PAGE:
I Hope They Ordain Me, pt. 1 of 3

I was ordained in my home church the year I finished graduate school and one year before I entered seminary.  I didn’t really want to be ordained.  I got convinced by a few people that it was something to do.  I think back to that decision, to that time, and laugh at myself because I went kicking and screaming.

Now, I am finishing up the process of ordination for our denomination, the Evangelical Covenant Church, and my attitude is completely different.  Because I’m in a new denomination, I had to pursue its ordination in order to serve.  Well, I didn’t have to.  But it was very clear to me that ordination was a good idea. 

 As I prepare to write my paper describing my understanding of the “Central Affirmations,” along with several of my own theological understandings of the church, the role of a pastor, and the person and work of Jesus in both of them; as I look forward to an interview in October and piecing together my profile and “examples of proclamation” for the various committees and departments, I think it’s healthy to remind myself why I do the things I do.  And I’m sharing them with you.

I realize that everyone who works at a job, who serves in a particular role, doesn’t feel called to that job or role.  But I encourage you to think about why you’re up to the things you are.  Whether you do feel a sense of call or conviction for what you do.  Whether you should even.

Here’s an example of some of the things I need to spend the next couple weeks fleshing out for my process:

  1. Ordination has to mean something.  I’ve been ordained before, by a local church, and if ordination hasn’t taken on deeper meaning for me, that’s a problem.  Being a professional religious person has its benefits but it has pitfalls.  Sacrifices come.  Often.  As I say yes to ordination, I do so with a better understanding that’s come with a few more years of pastoral ministry.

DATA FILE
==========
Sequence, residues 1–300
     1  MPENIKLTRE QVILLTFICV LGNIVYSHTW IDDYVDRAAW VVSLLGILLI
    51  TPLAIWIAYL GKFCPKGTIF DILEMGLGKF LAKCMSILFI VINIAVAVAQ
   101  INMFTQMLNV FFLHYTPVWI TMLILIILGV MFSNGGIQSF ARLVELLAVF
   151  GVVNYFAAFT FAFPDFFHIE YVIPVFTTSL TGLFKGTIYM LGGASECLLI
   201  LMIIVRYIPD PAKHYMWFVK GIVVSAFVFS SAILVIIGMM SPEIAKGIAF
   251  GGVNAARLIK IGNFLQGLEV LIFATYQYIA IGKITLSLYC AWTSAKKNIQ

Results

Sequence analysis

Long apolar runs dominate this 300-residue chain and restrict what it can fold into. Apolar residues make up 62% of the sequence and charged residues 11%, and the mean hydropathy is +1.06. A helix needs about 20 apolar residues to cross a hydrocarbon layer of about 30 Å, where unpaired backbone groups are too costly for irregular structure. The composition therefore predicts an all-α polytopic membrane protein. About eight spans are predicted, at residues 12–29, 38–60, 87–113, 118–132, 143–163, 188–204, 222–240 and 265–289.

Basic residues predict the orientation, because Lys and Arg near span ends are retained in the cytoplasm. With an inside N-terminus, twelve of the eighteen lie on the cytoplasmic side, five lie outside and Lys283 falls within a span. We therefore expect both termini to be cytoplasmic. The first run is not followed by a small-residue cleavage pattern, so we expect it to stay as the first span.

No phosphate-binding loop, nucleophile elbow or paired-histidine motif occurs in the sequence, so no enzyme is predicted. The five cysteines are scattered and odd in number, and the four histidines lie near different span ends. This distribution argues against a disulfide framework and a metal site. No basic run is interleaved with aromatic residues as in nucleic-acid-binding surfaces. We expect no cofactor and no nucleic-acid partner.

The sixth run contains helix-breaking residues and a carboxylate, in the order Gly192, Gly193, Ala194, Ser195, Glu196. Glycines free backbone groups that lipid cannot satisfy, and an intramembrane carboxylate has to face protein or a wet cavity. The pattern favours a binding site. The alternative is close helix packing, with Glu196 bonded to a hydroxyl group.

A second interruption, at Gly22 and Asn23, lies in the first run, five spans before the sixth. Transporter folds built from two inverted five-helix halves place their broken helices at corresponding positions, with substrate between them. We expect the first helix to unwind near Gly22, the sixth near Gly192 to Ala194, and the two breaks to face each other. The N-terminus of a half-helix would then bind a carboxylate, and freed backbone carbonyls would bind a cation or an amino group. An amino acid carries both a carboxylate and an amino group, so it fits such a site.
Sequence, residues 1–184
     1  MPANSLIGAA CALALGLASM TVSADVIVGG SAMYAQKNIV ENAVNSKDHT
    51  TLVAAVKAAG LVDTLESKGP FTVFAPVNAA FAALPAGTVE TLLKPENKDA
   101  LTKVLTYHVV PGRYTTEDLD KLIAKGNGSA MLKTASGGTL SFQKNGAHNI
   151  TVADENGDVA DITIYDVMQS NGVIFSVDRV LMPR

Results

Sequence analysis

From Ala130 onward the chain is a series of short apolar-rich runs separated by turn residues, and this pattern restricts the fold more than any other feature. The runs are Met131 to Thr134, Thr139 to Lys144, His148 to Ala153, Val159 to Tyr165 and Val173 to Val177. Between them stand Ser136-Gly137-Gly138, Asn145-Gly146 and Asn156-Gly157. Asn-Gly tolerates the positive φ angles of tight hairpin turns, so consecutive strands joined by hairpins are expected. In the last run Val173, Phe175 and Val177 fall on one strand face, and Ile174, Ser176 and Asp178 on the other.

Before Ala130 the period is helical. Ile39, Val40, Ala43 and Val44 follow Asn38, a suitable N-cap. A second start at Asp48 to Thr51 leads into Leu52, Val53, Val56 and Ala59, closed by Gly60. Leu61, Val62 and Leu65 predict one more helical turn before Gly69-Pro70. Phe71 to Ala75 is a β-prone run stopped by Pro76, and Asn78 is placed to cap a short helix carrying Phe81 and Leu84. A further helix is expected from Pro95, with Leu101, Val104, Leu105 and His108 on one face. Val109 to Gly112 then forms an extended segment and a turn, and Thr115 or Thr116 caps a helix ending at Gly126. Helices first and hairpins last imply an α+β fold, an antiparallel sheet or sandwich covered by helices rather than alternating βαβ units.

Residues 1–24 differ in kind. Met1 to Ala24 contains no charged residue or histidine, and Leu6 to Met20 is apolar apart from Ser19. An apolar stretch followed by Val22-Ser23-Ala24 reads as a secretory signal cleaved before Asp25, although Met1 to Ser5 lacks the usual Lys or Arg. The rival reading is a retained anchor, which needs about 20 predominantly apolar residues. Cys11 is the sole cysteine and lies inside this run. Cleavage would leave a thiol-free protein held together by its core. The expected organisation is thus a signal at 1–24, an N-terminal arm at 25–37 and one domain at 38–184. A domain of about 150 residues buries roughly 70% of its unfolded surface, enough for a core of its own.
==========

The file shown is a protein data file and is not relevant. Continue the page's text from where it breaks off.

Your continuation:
2. I’m made for a congregation.  As much as I enjoy writing and talking to people about solutions to problems, I think the best place for me to do that is within a church.  I’ve struggled for years to find contentment in the church as  a staff person.  I’ve felt comfortable in other settings, and still do.  But even though I’m comfortable doing other things and even with my struggles, I get to serve in a general way, inside a congregation, that captures what I enjoy.
  3. I love people.  I love to serve people.  I love to see people change, even when that change takes a long time.  One of the books on my desk is titled, “A Long Obedience in the Same Direction.”  It’s by Eugene Peterson and it’s a book about Christian discipleship.  It describes how slow following Jesus is, how tedious looking at Jesus and following his steps, if you will, can be.  It’s a reminder–just the title–that what I do is slow work.  But I love it.
  4. I don’t always love people.  When you love and don’t love people, the best place for that movement is the church.  If there is a place where I should be honest about my feelings about the people I work with and for and alongside, it’s God’s church. 
  5. Other people think my being here is a good idea.  This can be slippery, but I’ve lived my life hearing or ignoring a community’s affirmation of my purpose.  When I started working in churches, I asked people whether they thought I was suited for it.  Even though I didn’t follow my mother’s first advice to not work in the church, I have listened to many others along my way so far.
  6. Invoking God never gets old.  I am not the type to say what God told me.  Least not often.  It sounds suspicious and presumptuous.  It’s easily misunderstood, that language.  Then, again, I do feel an inner sense and conviction that God has summoned me for ministry.  Made me for it.  And how do you argue with a person who believes they hear from the mostly unseen Creator of eveything that is seen?

2 thoughts on “I Hope They Ordain Me, pt. 1 of 3

  1. I love “A Long Obedience.” My copy is underlined and highlighted and very well-worn. Even absorbing Peterson’s words was a long, slow process. It seems to me that faith wouldn’t be as meaningful if it wasn’t a slow process. This isn’t universally true, but seems to be so in most cases.

    Good thoughts, Pastor Michael. And thanks for your words today.They were meaningful. Another picture, I’d say, of why you do what you do.

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